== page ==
Italian progressive metal band DGM is one of the occasional bands that has started with one particular line-up in 1994; guitarist Diego Reali, keyboardist Maurizio Pariotti and drummer Gianfranco Tassella. But due to multiple changes in the band, the 2016 version of DGM has none of the name givers left in the band. However, since the addition of vocalist Mark Basile and the release of the album Frame in 2009, DGM's line-up has stabilised and the music has been lifted to a new high. The Synthesis album saw, besides live DVD recordings from their show in Rome, re-recordings of previous songs, presenting their new settled line-up. The 2013 follow up Momentum settled their status and 2016's release The Passage could be the start of ascending to the next level. Besides vocalist Mark Basile, DGM is guitarist extraordinaire and producer Simone Mularoni, keyboard player Emanuele Casali, bass player Andrea Arcangeli and drummer Fabio Constantino; the latter one serves the band the longest now; since 1999.
Since the switch of guitarists; Mularoni for founder Reali in 2006, the songwriting has gotten a positive boost and taken the band's musical style towards a style in the vein of Symphony X and Pagan's Mind. These influences were celebrated on the Momentum album with guest appearances of Russell Allen and Jorn Viggo Lofstad, both members of the bands mentioned above respectively. The Passage also sees two guests participating; Evergrey's Tom Englund features on Ghosts Of Insanity, an incredible powerful progressive power metal song where two voices meet. Tom's more darker approach leaves a positive mark on the track, both vocalists sound amazing together, dark meets light so to say. The other guest is Michael Romeo; mastermind and guitarist of Symphony X. During the up tempo double bass laden Dogma he adds his trademark shredding style of soloing to the heavily Symphony X influenced sounding track. The two parts of The Secret form the perfect opener for this 2016 album, the first part represents the powerful, though melodic part of DGM. Mark Basile's voice adds a melodic and even bluesy touch to DGM's progressive metal; I guess even David Coverdale must be one of his inspirations. The Secret Part One is filled with fine guitar solos and also the nice keyboard versus guitar part sounds amazing. The Secret Part Two has a short, smooth almost spoken part that really suits the composition, cool integrated background vocals and again incredible solos. The first single of the album is Animal; a song that can be seen as the bridge between the previous album and The Passage; accessible, catchy and memorable. The perfect song to play live that also could appeal to the more melodic fans. Note; the increasingly use or abuse of grunts and growls on progressive metal albums; something I personally enjoy very much, has passed this album. So, no fear for the aficionados, who go green when a grunt appears, The Passage has no grunts, just amazing vocals acrobatics of an immense voice. Back to the review; Fallen starts as a rock solid power metal composition, but the vocal style of Mark totally creates an individual and recognizable DGM sound. Yes, influenced by both bands mentioned above, but still a true DGM sound. When you were still not convinced by Mark's vocals, Disguise will. This short piano ballad is a beautiful track highlighting both Casali as well the Voice. Both Portrait as well as Daydreamer are recognizable, solid songs, filled with several solo parts, lots of double bass drums and a roaring bass underneath. The final track on the album; In Sorrow starts almost acoustically and shows this band does not only produce high speed, full power compositions. The intensity of this track shows the other side, a side that I personally like very much. Listen to the discrete vocal/guitar part on the end of the song; goosebumps.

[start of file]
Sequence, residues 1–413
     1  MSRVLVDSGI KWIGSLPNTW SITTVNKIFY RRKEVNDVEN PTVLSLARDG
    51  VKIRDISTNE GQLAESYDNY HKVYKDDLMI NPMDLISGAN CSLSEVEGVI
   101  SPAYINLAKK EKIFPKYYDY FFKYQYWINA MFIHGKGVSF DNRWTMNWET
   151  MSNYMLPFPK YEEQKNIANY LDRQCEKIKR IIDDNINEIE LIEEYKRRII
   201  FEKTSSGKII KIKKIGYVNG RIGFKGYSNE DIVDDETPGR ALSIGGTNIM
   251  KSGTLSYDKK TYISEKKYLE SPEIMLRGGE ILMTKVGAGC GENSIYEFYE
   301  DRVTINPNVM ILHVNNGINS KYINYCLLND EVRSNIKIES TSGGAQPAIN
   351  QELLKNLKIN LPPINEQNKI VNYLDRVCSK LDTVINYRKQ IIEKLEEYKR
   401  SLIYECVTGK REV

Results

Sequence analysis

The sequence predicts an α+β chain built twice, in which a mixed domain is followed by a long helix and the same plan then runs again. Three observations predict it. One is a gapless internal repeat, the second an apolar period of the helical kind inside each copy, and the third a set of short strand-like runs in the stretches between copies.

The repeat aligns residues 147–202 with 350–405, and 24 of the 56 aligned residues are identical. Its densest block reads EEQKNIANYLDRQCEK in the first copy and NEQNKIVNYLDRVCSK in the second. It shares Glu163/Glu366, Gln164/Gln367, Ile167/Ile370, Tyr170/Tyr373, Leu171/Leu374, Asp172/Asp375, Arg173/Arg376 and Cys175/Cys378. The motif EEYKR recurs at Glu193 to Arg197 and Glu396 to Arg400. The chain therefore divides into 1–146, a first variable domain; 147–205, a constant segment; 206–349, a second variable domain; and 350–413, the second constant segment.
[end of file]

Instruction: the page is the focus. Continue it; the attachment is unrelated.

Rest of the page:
For me, I loved DGM's previous album very much and the album still gets regular spins. The Passage easily equals Momentum in my perspective and shows perhaps a larger variety in their music, which should enlarge their audience. My results; fantastic music, wonderfully played, maximum points.
***** Pedro Bekkers (edited by Robert James Pashman)
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